5 steps to transform the digital experience in healthcare

Healthcare organizations must understand these elements of digital transformation today to succeed at DX in the near future.
By Tom Sullivan
01:54 PM

Digital transformation might be more complex in healthcare than any other industry. But the time has come for hospitals to not just think about digital experience but, rather, to start planning for how to actually get to that digital state.  

“The value proposition DX offers is its ability to nurture digitally-enabled enterprises and reap rewards while offsetting risk, is far too great for healthcare organizations to miss,” according to IT consultancy IDC. “Healthcare organizations that thrive through DX are able to more effectively deal with challenges such as delivering on value-based care, consumerism and improving outcomes.”

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Consider that critical point. Value-based care, consumerism and better outcomes, taken together, comprise the very bedrock of next-generation healthcare.

Put simply: DX or start digging a grave because you’re going to need it. Paper records and even basic EHRs on their own will not sustain hospitals any longer.

But as with so many overarching industry trends it’s widely known that this is where the world is headed. Exactly how to cook up digital transformation, however, that’s another matter altogether.

[Also: Epic's rival EHR vendors say they too are making the 'CHR' switch]

To get started, IDC recommends formulating a DX vision and acting on it, experimenting with digital channels and ways to transform patient experience, become expert at deriving value from your data, transform existing processes and systems to disengage from inefficiencies, and don’t neglect the soft skill of inspiring people to transform the overall organization.

It’s time to understand what goes into that. The analyst house lists 5 ingredients in a successful DX recipe: leadership, omni-experience, information, operating model, and worksource. (That’s right: worksource not force.)

Let’s take a closer look.

Leadership. Executives and other top leaders have to make DX part of the strategic mission by aligning IT with business, operations and various departments. IDC also recommended instituting continuous DX improvement efforts.

Omni-experience. The somewhat unique phrase refers to “blending digital and physical interactive experiences,” IDC explained, to create the “omnipresent and multidimensional ecosystem” of an advanced hospital that “decreases costs and improves response times.” The end-goal of establishing such an omni-experience is to improve both competitive advantage and, ideally at least, market share.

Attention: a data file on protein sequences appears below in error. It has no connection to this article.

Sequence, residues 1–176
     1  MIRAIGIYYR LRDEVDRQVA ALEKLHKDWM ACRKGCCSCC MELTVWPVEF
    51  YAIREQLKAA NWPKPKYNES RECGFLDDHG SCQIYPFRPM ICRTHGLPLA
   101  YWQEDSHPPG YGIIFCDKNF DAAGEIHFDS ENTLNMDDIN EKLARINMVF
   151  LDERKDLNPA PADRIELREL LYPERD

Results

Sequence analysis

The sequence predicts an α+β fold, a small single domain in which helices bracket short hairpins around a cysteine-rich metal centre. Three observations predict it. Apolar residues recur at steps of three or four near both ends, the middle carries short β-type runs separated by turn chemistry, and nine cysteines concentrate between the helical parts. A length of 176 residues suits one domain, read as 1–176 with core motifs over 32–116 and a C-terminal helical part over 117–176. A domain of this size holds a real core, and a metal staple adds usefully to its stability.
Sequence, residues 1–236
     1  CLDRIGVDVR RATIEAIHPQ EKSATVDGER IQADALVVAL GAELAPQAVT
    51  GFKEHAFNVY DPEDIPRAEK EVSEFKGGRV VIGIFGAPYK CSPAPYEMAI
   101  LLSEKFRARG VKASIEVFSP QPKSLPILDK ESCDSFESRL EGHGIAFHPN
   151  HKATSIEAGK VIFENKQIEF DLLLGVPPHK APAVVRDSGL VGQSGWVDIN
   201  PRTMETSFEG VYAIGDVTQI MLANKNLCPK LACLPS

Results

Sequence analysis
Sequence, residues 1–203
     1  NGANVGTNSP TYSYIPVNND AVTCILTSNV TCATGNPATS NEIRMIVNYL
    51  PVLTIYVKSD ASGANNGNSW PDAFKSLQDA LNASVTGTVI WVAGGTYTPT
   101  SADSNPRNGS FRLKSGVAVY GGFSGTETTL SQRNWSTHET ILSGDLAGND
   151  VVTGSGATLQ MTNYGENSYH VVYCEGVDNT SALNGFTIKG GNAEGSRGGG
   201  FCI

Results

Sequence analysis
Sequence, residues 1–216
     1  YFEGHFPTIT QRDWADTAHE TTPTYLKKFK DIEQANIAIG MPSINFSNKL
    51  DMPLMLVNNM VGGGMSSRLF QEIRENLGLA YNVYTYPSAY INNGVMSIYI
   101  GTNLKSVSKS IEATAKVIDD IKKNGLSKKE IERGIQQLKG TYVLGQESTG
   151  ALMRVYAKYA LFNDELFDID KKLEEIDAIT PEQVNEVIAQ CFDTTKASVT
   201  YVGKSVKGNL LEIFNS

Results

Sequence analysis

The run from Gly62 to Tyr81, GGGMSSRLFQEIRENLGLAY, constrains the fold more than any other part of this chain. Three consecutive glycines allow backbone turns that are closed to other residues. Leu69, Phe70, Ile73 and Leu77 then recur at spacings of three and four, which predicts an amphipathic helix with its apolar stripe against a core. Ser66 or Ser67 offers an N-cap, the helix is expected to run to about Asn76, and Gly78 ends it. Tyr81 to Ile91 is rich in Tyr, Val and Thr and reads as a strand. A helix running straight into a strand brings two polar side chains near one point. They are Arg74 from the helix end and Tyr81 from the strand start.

Information. It sounds so obvious to suggest putting your own data to work in transforming the enterprise but things get a bit more complicated with IDC rattling off the list of data from which to extract value as customers, markets, transactions, services, products assets and experiences. Wait, that’s not all. Cost, customer service, flexibility, productivity and, not least, revenue.

Operating model. DX tomorrow will inevitably require hospitals transform today’s operating models by leveraging, among other things, digital tools, including IoT apps and devices, robotics such as robot-assisted surgery, not to mention interconnected systems and processes to control costs, manage risk and drive revenue where it previously was not.

Worksource. Think of enterprises tapping into knowledge workers via digital technologies regardless of geographical location or time zones. “The promise for worksource DX,” IDC noted, “is its impact on costs and productivity by enabling a smarter, more agile, and productive workforce with increasing levels of digital savviness.”

IDC’s research found that digital transformation is taking hold in specific areas among healthcare providers and payers: artificial intelligence, big data and analytics, cloud computing, consumerism, customer relationship management and Internet of Things.

“The emerging consumerist market character points toward the need for new service delivery models and product offerings, powered by digital capabilities,” IDC said. “Furthermore, future challenges such as rising levels of obesity, patients living with one or more chronic conditions, an aging population, and a widely unchecked healthcare spend are emphasizing the need for U.S. healthcare organizations to think digital and get digital done.”

Twitter: SullyHIT
Email the writer: tom.sullivan@himssmedia.com

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John Fowler deputy information security officer Henry Ford Health System

John Fowler, deputy information security officer at Henry Ford Health System 
(Credit: Henry Ford Health System)

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